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Driving outcomes of young people with attentional difficulties in adolescence.

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  • 1Department of Psychological Medicine, Christchurch School of Medicine, New Zealand. lianne.woodward@chmeds.ac.nz

Abstract

OBJECTIVE:

To examine associations between attentional difficulties at age 13 and a range of adverse driving outcomes measured at 21 years.

METHOD:

Data were gathered over the course of a 21-year longitudinal study of a birth cohort of 1,265 New Zealand children. Data collection included the following: (1) parent and teacher report measures of attentional difficulties (13 years); (2) measures of driving behavior, including involvement in an accident, drinking and driving, and traffic violations (18-21 years); and (3) measures of a range of potentially confounding individual, sociofamilial, and driving-related factors.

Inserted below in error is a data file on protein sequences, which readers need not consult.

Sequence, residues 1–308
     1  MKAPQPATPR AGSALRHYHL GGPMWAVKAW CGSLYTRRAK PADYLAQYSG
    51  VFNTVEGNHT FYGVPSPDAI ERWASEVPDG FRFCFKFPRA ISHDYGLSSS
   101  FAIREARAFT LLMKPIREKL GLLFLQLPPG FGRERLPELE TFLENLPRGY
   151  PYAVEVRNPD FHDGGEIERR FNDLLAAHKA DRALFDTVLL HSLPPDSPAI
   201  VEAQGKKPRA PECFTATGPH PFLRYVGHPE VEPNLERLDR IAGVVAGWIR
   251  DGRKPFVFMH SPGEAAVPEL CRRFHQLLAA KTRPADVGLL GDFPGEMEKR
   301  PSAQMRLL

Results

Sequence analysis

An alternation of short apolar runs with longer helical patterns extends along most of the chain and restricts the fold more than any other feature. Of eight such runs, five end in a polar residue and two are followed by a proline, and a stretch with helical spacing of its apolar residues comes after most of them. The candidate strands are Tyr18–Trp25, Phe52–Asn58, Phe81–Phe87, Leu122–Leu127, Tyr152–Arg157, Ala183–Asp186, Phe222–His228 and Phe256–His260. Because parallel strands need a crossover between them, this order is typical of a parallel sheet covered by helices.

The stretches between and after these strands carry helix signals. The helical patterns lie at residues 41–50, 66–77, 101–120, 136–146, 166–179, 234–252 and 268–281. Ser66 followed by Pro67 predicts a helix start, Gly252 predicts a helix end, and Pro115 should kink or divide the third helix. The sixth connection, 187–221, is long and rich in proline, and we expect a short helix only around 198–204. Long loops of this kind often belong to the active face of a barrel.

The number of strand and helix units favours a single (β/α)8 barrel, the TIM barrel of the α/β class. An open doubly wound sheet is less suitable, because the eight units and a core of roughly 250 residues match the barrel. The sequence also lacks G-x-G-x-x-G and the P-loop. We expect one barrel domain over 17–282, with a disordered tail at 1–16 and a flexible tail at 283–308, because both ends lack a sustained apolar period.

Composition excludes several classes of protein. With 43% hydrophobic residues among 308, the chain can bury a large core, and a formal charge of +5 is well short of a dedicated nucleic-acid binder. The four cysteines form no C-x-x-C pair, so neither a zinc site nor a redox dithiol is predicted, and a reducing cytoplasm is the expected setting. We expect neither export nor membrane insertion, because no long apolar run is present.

RESULTS:

Young people with high levels of attentional difficulties were at greater risk of involvement in a motor vehicle accident, drinking and driving, and traffic violations. These associations were largely explained by the personal characteristics (gender, conduct problems) and driving experience (length of time respondent held a license, distance driven) of young people with attentional difficulties. Even after adjustment for the effects of confounding factors, adolescent attentional difficulties placed young people at increased risk of an injury accident, driving without a license, and other traffic violations.

CONCLUSIONS:

Associations between adolescent attentional difficulties and subsequent driving risks largely reflect the effects of confounding factors correlated with attentional difficulties and driving outcomes. However, even after adjustment for confounding, adolescent attentional difficulties contributed to later injury accident risk and possibly also to risky driving behavior.

[PubMed - indexed for MEDLINE]
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